Alton, Ill., firefighters examine the damage to a traffic signal light that was knocked down but still working during Thursday's snowstorm.
John Badman, The Telegraph via AP
A car is stuck in a ditch after spuning out on Interstate 70 East near Lake Saint Louis on Thursday, Feb. 21, 2013.
David Carson, ASSOCIATED PRESS - AP
A Lawrence Firefighter prepares to extinguish a vehicle fire in Lawrence, Kan., Thursday, Feb. 21, 2013. The car caught on fire trying to make it up a snow covered hill on Lawrence Avenue. (AP Photo/Orlin Wagner)
Orlin Wagner, ASSOCIATED PRESS - AP
KDOT safety workers push a stranded car off of the northbound ramp to I-235 from Zoo Blvd., Thursday, February 21, 2013, in Wichita, Kansas.
Bo Rader, Mct
Storm promises messy, dangerous commute in Midwest
- Article by: BARBARA RODRIGUEZ
- Associated Press
- February 22, 2013 - 5:39 AM
DES MOINES, Iowa - A major snow storm that shuttered airports in Missouri, stranded truckers in Illinois and buried parts of Kansas in knee-deep powder was promising a messy and possibly dangerous commute Friday morning as it crawled northeast.
Wind gusts of 30 mph were expected to churn-up snow that fell overnight in southern Wisconsin, where forecasters were warning Milwaukee-area residents of slick roads and reduced visibility. The same was expected in northeast Iowa, where residents could wake up to as much as 7 inches of new snow, while nearly 200 snowplows were deployed overnight in Chicago.
At a Travel Centers of America truck stop in the central Illinois city of Effingham, all of the 137 parking spaces were filled by truckers unwilling to drive through the storm overnight.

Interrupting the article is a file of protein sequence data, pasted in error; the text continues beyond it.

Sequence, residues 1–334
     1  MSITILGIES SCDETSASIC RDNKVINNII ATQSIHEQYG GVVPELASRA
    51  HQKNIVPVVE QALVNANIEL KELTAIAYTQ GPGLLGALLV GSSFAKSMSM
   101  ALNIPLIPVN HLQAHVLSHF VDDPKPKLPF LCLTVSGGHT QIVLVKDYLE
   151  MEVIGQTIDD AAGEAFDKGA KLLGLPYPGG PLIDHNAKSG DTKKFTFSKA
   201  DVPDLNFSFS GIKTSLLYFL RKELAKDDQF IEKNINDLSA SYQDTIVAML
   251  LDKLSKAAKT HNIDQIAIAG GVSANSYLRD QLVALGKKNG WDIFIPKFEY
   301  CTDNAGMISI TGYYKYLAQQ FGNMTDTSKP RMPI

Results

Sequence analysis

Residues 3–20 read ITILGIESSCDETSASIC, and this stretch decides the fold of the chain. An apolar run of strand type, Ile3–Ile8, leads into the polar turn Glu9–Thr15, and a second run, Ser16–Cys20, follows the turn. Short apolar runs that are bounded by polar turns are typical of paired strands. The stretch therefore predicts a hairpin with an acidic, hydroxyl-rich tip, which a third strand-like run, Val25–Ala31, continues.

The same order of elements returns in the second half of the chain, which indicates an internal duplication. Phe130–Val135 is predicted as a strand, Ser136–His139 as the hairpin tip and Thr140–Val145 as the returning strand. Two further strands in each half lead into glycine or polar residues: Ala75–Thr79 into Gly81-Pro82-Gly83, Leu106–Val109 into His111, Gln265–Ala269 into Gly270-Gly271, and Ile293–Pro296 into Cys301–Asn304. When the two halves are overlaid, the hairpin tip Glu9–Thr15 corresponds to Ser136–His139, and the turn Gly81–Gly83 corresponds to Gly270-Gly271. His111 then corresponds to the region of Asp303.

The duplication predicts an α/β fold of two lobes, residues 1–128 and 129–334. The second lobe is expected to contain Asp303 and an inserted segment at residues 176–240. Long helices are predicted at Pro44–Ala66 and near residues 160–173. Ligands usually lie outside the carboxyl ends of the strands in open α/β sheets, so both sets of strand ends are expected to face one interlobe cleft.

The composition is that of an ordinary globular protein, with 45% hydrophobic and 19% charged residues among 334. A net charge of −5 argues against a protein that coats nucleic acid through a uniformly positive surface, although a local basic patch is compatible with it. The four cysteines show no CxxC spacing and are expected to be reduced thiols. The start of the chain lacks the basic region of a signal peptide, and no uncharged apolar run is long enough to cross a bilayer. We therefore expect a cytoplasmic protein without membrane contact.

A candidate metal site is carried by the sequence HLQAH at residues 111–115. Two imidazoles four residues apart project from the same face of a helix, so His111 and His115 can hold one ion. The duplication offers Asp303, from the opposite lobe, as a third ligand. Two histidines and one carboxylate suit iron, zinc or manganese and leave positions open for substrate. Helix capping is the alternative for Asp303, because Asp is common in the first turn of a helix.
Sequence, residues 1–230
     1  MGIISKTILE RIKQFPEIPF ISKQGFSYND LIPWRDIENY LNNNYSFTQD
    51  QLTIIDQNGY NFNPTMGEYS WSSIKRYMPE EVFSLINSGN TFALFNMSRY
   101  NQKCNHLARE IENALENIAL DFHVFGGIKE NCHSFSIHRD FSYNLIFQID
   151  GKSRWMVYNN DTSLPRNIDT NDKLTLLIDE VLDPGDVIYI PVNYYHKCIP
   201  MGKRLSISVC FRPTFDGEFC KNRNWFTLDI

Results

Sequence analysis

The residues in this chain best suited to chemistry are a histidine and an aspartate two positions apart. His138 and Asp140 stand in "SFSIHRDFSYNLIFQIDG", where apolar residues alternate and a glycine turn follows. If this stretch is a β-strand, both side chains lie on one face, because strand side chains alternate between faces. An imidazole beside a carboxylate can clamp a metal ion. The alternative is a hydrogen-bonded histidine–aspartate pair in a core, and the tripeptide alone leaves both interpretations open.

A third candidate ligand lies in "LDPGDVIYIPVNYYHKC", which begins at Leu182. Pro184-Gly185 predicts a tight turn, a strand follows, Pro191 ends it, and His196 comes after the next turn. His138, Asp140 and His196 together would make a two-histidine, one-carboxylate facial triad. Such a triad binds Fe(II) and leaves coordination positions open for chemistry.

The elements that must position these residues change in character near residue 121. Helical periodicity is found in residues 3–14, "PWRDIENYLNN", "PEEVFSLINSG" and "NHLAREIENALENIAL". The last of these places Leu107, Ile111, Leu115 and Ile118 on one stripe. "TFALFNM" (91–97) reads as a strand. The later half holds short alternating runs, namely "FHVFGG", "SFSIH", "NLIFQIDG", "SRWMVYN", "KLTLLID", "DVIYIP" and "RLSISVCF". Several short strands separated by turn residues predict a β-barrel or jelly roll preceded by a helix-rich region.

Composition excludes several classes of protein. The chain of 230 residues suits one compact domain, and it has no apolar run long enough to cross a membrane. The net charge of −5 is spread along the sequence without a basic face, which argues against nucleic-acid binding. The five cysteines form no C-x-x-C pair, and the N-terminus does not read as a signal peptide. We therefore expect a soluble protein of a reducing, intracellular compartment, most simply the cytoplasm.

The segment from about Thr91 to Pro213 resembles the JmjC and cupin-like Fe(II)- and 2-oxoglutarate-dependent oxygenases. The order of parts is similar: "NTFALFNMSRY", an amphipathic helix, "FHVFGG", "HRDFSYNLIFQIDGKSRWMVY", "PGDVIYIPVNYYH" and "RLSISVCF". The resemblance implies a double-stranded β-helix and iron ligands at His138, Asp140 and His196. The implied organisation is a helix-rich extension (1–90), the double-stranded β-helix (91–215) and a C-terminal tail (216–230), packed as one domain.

"When it gets really bad, they like to camp out," cashier Tia Schneider said Thursday night, noting that some drivers called ahead. "They can make reservations from 500 miles away to make sure a space is available."
The storm system swirled to the north and east late Thursday, its snow, sleet and freezing rain prompting winter storm across the region — and leaving some impressive snow accumulations.
Northern Oklahoma saw more than 13 inches, while Missouri's biggest snow total was 10 inches, shared by the Kansas City metropolitan area. But in Kansas, 17 inches of snow fell in Hays and nearly the same amounts in a handful of other cities. Farther east in Topeka, 3 inches of snow fell in only 30 minutes, leaving medical center worker Jennifer Carlock to dread the drive home.
"It came on fast," Carlock said as she shoveled around her car late Thursday. "We're going to test out traction control on the way home."
Numerous accidents and two deaths were being blamed on the icy, slushy roadways.
State legislatures shut down in Kansas, Missouri, Arkansas, Nebraska and Iowa. Most schools were closed in Kansas and Missouri, and many in neighboring states.
That included the University of Missouri, where classes were canceled for one of the few times in its 174-year history. At a nearby Wal-Mart, some students passed the ice scrapers and snow melt, heading directly to the aisles containing sleds and alcohol.